5.1. Structure of the Pre-Trans-Splicing Molecules

[0046] The compositions of the invention include PTMs designed to interact with one or more selective target pre-mRNA molecule such as, for example, cancer cell selective target pre-mRNA, target pre-mRNA molecules encoded by an infectious agent, target cellular pre-mRNAs induced by an infectious microorganism, or target pre-mRNAs where the expression of said pre-mRNA is associated with a disease or disorder. Such RNAs are designed to mediate trans-splicing reactions resulting in the generation of novel chimeric mRNA molecules (chimeric mRNAs). The novel chimeric mRNA is designed to encode a light producing protein or enzyme capable of activating a cytotoxic photosensitizer. Such activation leads to cell death. The compositions of the invention provide a means for conferring selective death on cells expressing a specific target pre-mRNA. The PTMs comprising (i) one or more target binding domains that targets binding of the PTM to a specific pre-mRNA target (ii) a 3′ splice region that includes a 3′ splice acceptor site and/or 5′ splice donor site; and (iii) a nucleotide sequence capable of encoding a light producing protein or enzyme.

[0047] In some instances, the PTMs of the invention may further comprise one or more spacer regions that separate the RNA splice site from the target binding domains and/or a safety sequence. The structure of PTMs is described in detail in U.S. Pat. Nos. 6,013,487, 6,083,702, 6,280,978, and in co-pending U.S. patent application Ser. Nos. 09/756,095, 09/756,096, 09/756,097 the disclosures of which are incorporated by reference herein.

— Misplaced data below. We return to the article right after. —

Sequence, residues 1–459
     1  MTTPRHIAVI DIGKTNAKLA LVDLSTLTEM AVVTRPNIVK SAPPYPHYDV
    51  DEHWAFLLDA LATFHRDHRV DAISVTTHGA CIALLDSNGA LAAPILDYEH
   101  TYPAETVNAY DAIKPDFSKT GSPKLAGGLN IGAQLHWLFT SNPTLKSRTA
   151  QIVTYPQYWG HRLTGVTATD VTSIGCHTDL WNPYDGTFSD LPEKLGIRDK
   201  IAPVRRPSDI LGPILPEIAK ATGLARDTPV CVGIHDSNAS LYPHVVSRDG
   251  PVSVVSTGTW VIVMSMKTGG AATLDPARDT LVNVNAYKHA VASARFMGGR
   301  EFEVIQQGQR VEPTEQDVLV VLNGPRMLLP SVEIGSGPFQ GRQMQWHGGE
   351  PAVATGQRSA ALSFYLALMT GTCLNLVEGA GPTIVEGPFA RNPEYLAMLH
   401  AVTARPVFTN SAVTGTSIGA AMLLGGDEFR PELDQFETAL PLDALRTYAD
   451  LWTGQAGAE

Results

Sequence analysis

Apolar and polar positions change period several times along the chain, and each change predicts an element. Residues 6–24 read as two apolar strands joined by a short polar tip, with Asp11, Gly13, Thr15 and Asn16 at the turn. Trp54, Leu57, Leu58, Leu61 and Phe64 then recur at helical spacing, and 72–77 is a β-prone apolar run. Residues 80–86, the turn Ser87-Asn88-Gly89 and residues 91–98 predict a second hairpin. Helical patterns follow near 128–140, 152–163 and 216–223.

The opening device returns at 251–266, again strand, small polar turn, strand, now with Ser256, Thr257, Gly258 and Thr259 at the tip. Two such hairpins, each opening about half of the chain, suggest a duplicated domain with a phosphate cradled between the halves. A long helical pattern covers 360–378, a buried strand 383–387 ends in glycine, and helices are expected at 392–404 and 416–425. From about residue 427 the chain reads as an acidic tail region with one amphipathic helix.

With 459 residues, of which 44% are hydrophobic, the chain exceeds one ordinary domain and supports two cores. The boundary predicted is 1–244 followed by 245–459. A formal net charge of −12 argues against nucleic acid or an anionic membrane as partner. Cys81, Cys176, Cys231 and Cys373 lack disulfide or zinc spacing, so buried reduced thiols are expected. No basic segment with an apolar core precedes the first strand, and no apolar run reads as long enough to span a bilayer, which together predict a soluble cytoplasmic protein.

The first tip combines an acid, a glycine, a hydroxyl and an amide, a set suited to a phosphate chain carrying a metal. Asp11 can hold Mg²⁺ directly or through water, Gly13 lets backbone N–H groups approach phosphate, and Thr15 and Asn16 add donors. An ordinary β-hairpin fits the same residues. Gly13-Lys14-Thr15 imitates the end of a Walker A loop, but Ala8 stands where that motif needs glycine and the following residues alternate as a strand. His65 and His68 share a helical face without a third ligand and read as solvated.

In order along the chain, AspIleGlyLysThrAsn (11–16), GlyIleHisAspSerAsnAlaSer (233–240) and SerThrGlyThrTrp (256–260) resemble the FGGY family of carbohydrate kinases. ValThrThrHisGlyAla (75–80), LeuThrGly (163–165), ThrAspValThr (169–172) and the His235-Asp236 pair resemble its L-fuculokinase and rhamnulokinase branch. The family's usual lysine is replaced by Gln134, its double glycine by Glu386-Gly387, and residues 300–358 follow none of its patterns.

[0048] The target-binding domain of the PTM may contain multiple binding domains which are complementary to and in anti-sense orientation to the targeted region of the target specific pre-mRNA, e.g., a cancer selective pre-mRNA or a pre-mRNA encoded by a pathogenic microorganism. As used herein, a target binding domain(s) is defined as any sequence that confers specificity of binding and anchors the pre-mRNA closely in space so that the spliceosome processing machinery of the nucleus can trans-splice a portion of the PTM to a portion of the pre-mRNA. The target binding domains may comprise up to several thousand nucleotides. In preferred embodiments of the invention the binding domains may comprise at least 10 to 30 and up to several hundred nucleotides. The specificity of the PTM may be increased significantly by increasing the length of the target binding domain. In addition, although the target binding domain may be “linear” it is understood that the RNA may fold to form secondary structures that may stabilize the complex by preventing activation of the PTM splice site until the binding domain has encountered its target thereby increasing the efficiency of splicing. Absolute complementarity with the targeted cell selective pre-mRNA, although preferred, is not required. A sequence “complementary” to a portion of an RNA, as referred to herein, means a sequence having sufficient complementarity to be able to hybridize with the RNA, forming a stable duplex. The ability to hybridize will depend on both the degree of complementarity and the length of the nucleic acid (See, for example, Sambrook et al., 1989, Molecular Cloning, A Laboratory Manual, 2d Ed., Cold Spring Harbor Laboratory Press, Cold Spring Harbor, N.Y.). Generally, the longer the hybridizing nucleic acid, the more base mismatches with an RNA it may contain and still form a stable duplex. One skilled in the art can ascertain a tolerable degree of mismatch or length of duplex by use of standard procedures to determine the stability of the hybridized complex.